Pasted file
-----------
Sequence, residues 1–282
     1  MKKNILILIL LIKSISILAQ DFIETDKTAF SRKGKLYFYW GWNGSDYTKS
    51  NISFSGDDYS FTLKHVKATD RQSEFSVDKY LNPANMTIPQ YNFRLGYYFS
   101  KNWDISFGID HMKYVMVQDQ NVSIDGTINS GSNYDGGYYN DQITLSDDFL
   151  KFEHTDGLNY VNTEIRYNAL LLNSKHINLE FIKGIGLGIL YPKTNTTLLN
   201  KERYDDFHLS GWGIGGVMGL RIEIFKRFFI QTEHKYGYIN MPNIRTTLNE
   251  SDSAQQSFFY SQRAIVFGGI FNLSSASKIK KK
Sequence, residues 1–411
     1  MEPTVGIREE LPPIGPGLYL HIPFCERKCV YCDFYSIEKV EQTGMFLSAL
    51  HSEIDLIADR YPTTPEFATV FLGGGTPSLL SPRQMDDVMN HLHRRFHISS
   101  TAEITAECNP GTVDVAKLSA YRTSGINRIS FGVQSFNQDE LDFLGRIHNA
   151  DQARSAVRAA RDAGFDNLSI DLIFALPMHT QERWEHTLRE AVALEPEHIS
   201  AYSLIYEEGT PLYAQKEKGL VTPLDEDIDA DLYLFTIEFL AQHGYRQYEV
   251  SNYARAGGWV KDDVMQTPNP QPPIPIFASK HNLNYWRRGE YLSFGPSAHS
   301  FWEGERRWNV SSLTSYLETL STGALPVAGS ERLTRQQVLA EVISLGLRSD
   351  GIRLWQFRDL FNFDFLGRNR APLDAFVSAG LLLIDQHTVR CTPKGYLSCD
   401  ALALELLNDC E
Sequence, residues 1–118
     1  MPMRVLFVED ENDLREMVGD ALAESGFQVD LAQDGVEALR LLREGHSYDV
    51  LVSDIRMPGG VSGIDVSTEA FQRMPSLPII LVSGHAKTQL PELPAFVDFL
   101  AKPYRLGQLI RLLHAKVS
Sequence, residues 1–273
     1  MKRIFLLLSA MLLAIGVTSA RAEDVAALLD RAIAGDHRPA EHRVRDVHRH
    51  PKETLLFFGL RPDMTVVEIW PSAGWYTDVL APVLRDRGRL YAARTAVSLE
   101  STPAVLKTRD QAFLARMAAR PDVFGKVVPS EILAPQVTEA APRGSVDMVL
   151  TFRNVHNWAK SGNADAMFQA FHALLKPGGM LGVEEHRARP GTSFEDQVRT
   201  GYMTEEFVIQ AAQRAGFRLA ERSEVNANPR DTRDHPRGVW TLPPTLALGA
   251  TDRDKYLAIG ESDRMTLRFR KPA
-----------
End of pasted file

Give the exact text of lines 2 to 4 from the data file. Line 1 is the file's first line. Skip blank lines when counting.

     1  MKKNILILIL LIKSISILAQ DFIETDKTAF SRKGKLYFYW GWNGSDYTKS
    51  NISFSGDDYS FTLKHVKATD RQSEFSVDKY LNPANMTIPQ YNFRLGYYFS
   101  KNWDISFGID HMKYVMVQDQ NVSIDGTINS GSNYDGGYYN DQITLSDDFL